Cha-am is a resort town on the Gulf of Thailand, near Hua Hin.
Cha-am is an extremely popular destination for Thai day trippers and weekenders probably due to it's long strip of beach and it's relatively inexpensive seafood. The area is also home to a sizable amount of expats, mainly Scandinavians. aside from the beach there is still plenty to see in this unique town. A fishing village north of Ruamchi Road features Thai shops, fishmongers, and restaurants. You could spend half a day touring the area and immersing yourself in one of the town's most important industries, fishing.
Mainly served by a regular fleet of minivans from both the South (Hua, Hin, Pranburi) and from Bangkok. Long distance buses also stop at Cha am from Bangkok en route South or en route North. Minivans are much quicker but driving can be very erratic. There is a train station but the trip is long and arduous. Private Taxis from Bangkok should be no more than 2000baht, although 1600baht -1800baht is possible with some bargaining.
The Eurasia Cha-am Lagoon is a resort and residential comunity 3 km north of Cha-am. It boasts two free-form pools overlooking the gulf. It is free to the public and open 24 hours a day. A terrace restaurant serves Thai food that will cost you 100 to 300 baht. Beer and liquor will cost you more, so you might want to bring in your own drinks. This place is seldom crowded so it's the best place to hang out and take a dip.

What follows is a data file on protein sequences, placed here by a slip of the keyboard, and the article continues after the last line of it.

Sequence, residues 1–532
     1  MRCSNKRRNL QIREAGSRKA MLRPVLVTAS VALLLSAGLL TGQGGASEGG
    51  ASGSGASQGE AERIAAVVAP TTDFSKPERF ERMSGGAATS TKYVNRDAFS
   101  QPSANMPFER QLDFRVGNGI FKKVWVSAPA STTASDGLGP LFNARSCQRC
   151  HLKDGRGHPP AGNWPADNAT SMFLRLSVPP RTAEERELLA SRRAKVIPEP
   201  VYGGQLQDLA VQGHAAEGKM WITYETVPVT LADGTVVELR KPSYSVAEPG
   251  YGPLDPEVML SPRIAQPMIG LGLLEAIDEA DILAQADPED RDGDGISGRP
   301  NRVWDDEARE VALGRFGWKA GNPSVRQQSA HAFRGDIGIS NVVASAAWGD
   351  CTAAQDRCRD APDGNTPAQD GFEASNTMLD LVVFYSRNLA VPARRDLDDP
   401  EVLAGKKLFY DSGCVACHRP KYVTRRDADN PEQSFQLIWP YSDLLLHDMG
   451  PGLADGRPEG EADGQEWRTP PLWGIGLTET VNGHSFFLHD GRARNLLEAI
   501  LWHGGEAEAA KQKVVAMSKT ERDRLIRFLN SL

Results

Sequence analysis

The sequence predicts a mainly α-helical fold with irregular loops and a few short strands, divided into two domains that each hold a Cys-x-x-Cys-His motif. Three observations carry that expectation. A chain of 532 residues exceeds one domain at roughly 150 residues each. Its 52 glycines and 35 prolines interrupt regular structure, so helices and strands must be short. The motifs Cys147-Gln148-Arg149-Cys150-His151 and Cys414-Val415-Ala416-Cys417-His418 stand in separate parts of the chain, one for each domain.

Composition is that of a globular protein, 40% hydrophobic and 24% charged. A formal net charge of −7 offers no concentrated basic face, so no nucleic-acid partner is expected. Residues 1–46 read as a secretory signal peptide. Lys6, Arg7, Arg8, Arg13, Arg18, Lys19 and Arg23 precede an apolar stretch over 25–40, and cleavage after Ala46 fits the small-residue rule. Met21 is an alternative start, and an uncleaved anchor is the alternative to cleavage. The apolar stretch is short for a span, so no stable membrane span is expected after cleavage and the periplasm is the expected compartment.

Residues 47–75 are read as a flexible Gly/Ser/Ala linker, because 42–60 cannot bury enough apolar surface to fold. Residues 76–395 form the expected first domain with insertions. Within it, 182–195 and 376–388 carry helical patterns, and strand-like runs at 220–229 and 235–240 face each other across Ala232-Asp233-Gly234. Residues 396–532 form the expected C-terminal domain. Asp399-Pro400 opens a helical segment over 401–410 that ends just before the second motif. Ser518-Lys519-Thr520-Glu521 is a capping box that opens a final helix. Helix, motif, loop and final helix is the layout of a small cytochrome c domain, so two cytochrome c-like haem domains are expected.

Cha-am Forest Park is a small nature preserve as parks go, but it's still worth seeing. All-terrain vehicles are available for guided tours of the park. The rental ranges from 500 baht for half an hour to 900 baht per hour. There is also a restaurant within the park.
The summer palace Phrarachanivet Mrigadayavan was built in 1922 for the king and members of his royal household. Held open for the public as it is no longer used by royalty, it lies south of Petchakasem Rd, about 9 km from Cha-am. The palace consists of a group of teak houses on stilts connected by a maze of walkways. The rooms are airy and the walkways are raised. There isn't much information available in English so you may want to hire an English-speaking guide for the tour.
Not alot to buy aside from Souvenirs and Seafood, although foreign tourists will welcome the lack of price gouging from the shop/stall owners, both Thais and Foreigners pay the same price and souvenirs (T-shirts etc) are substantially cheaper than you will find in other coastal resorts in Thailand that cater mainly for foreign tourists.
From drinking on the beach from the vendors to drinking in one of the many foreign restaurants dotted along the beach road there is no shortage of options. Prices are also very favorable in comparison to other popular coastal resorts in Thailand. There is also a bar area south bound on the Beach Road named Soi Bus Stop, although is not recommended for families.